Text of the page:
Ticketmaster Summer in Stages

A Taste of Honey

Shelagh Delaney
TAG Theatre Company
Traverse Theatre, Edinburgh, and touring
(2005)

Production photograph

TAG's production of this nearly fifty-year-old script offers a fresh and vital look at a script which, truth be told, shows signs of its age. This is a tribute to Delaney's writing, which, although it lacks variation in pace, does convey the angst of a young woman desperate to take responsibility for her own life, and going about it in all the wrong ways.

Neil Warmington has designed a two-storey set made up of windows and doors, through which characters enter the tiny bedsit where the play takes place. There seems to be little rhyme or reason to where the characters enter and exit, aside from the one door which remains, throughout the play, as the door to the bedroom.

As Helen, Jennifer Black dominates the production, although Samantha Young's Jo is the protagonist of the piece. As the overbearing, tarted-up mum, Black provides the dynamism required by the subject material but not entirely communicated by the text. She's also the source of some of the most cutting humour in the piece: while many jokes provoked only a small chuckle from audience members, there was one point in particular when Young and Black's vivacious bickering provoked universal laughter.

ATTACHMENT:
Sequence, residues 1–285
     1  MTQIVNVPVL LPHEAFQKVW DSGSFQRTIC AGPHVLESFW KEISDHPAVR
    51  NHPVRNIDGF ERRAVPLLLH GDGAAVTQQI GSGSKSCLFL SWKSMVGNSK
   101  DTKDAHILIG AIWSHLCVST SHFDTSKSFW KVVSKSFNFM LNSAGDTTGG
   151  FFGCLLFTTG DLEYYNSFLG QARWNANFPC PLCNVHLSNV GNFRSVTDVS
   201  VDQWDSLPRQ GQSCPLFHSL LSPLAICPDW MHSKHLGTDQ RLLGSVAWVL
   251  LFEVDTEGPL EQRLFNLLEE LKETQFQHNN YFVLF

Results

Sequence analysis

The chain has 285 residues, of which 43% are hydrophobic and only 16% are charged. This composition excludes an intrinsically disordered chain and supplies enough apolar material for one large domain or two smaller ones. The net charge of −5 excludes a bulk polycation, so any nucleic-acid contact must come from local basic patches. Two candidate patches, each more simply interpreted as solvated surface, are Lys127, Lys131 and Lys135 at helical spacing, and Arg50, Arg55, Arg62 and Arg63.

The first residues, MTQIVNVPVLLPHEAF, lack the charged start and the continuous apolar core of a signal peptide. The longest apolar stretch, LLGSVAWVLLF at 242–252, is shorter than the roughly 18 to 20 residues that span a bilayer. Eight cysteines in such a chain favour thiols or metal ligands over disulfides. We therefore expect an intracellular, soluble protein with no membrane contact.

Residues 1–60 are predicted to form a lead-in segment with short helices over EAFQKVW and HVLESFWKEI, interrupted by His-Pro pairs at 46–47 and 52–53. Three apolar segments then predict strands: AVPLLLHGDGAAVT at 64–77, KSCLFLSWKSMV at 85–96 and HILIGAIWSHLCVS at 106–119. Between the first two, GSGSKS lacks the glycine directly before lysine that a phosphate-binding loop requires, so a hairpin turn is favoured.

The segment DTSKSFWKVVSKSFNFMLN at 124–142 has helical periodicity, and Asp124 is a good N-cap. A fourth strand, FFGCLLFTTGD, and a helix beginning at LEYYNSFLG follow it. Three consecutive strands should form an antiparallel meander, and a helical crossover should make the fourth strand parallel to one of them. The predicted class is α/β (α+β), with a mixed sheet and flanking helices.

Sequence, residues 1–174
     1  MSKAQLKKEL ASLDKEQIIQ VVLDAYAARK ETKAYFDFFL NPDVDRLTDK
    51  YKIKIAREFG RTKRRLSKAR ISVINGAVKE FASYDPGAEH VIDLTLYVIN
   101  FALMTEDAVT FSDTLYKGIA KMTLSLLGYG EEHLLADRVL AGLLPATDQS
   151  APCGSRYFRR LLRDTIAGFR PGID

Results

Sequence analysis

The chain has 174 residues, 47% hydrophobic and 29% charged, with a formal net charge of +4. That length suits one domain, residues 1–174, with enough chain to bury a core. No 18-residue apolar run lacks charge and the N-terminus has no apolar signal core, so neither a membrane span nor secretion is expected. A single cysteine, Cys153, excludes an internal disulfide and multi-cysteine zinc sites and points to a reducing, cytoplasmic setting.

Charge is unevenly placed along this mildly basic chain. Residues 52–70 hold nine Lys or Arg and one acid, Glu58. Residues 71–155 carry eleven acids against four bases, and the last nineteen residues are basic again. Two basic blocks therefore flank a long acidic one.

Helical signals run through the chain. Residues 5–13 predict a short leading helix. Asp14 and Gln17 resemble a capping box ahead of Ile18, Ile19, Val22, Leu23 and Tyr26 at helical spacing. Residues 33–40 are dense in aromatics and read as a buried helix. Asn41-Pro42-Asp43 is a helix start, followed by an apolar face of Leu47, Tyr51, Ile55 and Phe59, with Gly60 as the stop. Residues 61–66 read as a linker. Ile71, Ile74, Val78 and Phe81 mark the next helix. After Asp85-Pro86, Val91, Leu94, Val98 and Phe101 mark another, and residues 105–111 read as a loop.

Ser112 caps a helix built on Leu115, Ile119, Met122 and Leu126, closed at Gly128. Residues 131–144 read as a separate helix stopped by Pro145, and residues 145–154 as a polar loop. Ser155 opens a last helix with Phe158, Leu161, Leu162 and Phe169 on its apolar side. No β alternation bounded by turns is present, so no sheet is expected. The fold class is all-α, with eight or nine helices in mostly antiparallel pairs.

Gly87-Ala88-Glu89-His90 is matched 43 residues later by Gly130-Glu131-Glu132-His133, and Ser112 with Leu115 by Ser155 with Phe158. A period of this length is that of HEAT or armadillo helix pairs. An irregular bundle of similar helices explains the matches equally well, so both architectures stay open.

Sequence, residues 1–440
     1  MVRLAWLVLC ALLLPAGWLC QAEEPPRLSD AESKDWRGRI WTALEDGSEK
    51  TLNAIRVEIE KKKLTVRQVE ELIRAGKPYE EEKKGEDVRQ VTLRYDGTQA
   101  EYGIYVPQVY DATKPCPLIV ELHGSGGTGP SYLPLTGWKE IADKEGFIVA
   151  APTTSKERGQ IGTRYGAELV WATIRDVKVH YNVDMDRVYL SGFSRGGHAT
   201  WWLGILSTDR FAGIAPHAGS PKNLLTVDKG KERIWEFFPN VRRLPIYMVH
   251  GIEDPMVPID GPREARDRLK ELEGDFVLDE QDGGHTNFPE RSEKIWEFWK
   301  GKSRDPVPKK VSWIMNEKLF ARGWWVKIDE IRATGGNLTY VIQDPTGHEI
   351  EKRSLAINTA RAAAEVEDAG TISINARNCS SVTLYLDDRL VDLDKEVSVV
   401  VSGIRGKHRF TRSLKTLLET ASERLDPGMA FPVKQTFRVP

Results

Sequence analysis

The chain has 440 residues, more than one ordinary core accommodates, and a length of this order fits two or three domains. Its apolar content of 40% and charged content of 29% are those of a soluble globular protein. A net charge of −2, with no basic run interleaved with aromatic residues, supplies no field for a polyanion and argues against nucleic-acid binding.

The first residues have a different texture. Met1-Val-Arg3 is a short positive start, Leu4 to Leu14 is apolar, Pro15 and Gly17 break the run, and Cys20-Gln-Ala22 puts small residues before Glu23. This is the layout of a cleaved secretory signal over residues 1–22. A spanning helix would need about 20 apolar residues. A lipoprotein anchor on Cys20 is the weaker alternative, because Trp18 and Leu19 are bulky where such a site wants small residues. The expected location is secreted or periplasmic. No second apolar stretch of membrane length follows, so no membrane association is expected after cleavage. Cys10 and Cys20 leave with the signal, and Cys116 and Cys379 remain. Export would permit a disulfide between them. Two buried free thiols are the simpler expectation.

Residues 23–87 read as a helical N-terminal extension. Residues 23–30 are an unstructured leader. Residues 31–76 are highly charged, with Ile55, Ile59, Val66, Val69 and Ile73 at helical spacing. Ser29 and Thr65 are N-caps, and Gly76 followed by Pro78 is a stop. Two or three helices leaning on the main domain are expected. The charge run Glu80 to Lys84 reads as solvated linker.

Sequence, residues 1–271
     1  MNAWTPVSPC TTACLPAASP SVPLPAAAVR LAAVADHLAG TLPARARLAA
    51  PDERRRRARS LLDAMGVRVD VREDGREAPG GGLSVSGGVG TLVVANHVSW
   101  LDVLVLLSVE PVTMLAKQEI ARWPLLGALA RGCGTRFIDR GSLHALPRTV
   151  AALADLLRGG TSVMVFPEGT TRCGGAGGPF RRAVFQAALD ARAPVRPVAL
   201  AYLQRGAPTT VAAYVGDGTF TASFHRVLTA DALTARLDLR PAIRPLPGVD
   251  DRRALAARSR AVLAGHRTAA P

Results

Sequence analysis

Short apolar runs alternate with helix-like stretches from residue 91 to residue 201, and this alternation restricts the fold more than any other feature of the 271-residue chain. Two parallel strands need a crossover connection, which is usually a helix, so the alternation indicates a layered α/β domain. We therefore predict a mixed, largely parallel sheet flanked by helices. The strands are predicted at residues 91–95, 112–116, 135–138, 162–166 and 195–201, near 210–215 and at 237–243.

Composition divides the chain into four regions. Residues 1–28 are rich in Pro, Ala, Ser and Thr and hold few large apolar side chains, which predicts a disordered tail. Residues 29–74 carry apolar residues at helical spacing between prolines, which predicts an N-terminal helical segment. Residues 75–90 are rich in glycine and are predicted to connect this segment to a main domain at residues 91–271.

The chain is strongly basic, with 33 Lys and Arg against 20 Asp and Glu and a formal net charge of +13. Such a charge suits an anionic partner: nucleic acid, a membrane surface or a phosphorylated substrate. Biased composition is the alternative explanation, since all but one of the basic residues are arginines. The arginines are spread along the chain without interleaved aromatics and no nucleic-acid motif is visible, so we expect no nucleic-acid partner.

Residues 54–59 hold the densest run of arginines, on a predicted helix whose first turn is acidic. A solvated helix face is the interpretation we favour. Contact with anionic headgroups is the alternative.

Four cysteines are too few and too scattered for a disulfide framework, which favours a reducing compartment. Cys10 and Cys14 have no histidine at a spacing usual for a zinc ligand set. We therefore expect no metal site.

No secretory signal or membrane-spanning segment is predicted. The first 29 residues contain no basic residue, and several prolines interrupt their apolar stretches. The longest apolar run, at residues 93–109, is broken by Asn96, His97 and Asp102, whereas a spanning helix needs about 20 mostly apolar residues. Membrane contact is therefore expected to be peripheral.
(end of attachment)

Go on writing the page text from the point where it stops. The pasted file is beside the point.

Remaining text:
The three men of the play, Martin O'Connor (Geoff), Tunde Makinde (Boyfriend) and Alan Steele (Peter) provide an interesting triad of masculinity; however, as in Jo's life, there seem to be no wholly positive male figures.

While the dialogue clips along at a healthy pace, there seems to be an awful lot of it, and one can't help wondering if a slightly pared-down script might punch up the development of the characters; then again, the age of the script might have some influence on its lackluster pace.

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Reviewer: Rachel Lynn Brody